Friday, November 29, 2013

Movies for Tweens and Young Teens

When I get together with other mums of tween and young teen girls we sometimes talk about finding movies that are suitable for their age. My kids aren't ready for M rated movies, with some few exceptions. I check out which movies are suitable on imdb website. The parental advisory. section provides details of what happens in the film regarding language, violence, drugs and alcohol and sexual references. I've made a list. These are the films my kids enjoy.

My Family and Other Animals
Some Like it Hot
Singin’ in the Rain
Calamity Jane
Gone With the Wind
All About Eve
National Velvet
Red Dog
Ballet Shoes
Anne of Green Gables
Ramona and Beezus
Little Women
The Parent Trap (1961)
Double Indemnity
Mary Poppins
It's a Wonderful Life 
Marx Bros movies

These are the films I think I'm ready to show them. Some are suitable for younger viewers, and I'd just forgotten about them. I remember watching some of these with my family, presented by Bill Collins.

It Happened One Night
Holiday Inn
To Kill a Mockingbird
A Star is Born (1954)
Adam’s Rib
Woman of the Year
Pat and Mike
Bringing Up Baby
Arsenic and Old Lace
Blossoms in the Dust
Mrs Miniver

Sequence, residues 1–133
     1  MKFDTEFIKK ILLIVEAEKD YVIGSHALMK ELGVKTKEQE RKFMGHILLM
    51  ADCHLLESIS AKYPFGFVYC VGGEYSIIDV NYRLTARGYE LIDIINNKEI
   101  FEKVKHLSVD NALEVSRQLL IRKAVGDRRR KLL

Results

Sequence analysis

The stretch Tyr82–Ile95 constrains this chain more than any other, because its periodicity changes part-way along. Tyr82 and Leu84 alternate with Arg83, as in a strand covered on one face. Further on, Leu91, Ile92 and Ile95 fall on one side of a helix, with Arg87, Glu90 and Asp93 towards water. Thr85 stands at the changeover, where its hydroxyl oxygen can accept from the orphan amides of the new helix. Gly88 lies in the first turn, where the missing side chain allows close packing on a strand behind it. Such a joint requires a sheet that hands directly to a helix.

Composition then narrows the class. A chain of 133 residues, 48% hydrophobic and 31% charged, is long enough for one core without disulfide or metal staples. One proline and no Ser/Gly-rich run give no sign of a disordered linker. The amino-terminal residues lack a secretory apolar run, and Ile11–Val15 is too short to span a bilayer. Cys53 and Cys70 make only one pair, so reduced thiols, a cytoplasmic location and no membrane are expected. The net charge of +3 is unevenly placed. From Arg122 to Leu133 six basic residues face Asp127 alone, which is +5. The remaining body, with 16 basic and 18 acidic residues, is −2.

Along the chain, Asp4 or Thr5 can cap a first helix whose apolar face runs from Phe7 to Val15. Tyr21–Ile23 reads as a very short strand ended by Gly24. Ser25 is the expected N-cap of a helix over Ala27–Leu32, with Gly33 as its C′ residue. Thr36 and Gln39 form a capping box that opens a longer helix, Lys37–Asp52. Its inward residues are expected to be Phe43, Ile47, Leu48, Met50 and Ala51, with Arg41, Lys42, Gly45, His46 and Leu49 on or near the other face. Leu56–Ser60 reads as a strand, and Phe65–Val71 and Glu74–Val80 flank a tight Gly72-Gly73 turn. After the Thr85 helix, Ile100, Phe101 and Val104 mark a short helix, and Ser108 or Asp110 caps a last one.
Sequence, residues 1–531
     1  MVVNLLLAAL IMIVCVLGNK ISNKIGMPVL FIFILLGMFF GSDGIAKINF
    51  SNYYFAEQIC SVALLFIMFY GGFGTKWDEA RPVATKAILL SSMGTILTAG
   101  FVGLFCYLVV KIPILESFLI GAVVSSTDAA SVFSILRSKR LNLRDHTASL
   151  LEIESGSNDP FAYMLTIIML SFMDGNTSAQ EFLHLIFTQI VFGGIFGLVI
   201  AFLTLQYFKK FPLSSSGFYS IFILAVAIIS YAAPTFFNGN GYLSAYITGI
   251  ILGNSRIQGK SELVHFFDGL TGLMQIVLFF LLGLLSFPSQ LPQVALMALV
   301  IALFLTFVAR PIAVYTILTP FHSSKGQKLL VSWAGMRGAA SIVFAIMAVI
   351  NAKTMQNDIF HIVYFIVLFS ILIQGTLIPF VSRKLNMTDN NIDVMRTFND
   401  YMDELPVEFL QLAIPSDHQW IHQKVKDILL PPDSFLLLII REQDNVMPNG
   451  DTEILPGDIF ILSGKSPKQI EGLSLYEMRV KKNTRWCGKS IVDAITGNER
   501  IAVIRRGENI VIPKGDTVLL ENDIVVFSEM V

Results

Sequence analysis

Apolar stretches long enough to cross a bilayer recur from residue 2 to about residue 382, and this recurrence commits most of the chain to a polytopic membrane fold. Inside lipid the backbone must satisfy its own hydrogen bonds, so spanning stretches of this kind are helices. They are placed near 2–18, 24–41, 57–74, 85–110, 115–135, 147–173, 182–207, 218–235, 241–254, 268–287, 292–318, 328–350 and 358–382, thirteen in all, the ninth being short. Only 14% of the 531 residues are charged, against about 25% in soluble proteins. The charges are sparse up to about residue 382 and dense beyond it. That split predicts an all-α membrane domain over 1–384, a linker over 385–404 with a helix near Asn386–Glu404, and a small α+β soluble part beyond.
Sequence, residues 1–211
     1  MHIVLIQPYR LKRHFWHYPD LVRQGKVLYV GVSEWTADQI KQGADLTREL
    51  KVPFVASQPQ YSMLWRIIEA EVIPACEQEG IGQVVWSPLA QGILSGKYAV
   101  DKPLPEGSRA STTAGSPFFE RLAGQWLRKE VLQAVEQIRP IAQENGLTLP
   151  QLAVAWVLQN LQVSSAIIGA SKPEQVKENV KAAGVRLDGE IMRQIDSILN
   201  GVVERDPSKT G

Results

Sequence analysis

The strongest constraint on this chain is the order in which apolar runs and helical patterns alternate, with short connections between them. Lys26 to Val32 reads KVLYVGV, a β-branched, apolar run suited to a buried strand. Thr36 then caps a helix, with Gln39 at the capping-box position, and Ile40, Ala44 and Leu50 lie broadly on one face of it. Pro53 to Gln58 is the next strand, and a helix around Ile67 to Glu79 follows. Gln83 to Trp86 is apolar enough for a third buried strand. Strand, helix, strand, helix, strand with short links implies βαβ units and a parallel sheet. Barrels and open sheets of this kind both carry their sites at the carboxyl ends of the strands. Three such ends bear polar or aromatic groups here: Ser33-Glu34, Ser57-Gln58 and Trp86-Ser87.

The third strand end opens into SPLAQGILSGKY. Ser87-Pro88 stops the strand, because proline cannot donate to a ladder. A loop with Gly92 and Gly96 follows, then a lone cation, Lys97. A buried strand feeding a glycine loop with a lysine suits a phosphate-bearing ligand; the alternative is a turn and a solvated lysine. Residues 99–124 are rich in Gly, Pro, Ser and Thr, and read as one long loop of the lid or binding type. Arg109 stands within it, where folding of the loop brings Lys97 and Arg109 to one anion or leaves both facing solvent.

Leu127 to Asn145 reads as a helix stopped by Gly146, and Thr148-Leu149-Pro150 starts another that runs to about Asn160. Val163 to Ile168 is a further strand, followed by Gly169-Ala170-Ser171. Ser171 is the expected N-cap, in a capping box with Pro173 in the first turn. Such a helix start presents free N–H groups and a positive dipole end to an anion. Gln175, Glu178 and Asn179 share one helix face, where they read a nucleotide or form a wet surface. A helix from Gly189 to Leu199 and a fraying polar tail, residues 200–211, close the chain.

The Third Man
The 39 Steps
The Miracle Worker
Sabrina (1954)
West Side Story
Viva Las Vegas
Funny Girl
2001: A Space Odyssey
Girls Just Want to Have Fun
Running on Empty
Life is Beautiful
Bend it Like Beckham
The Man From Snowy River
My Brilliant Career
Picnic at Hanging Rock
The Sting
The Truman Show
Norma Rae
The Secret of Roan Inish
A League of Their Own
Stranger Than Fiction
Indiana Jones
Made in Dagenham
The Boy in the Striped Pyjamas
Moonrise Kingdom
The Help
Now You See It
War Horse
Akeelah and the Bee

If you are looking for ideas you can search by genre and age on the Common Sense Media and Mighty Girl sites.

I have another list of films with more serious or intense themes or scenes that will have to wait until we are all a bit older...

What films do you recommend for tweens and young teens?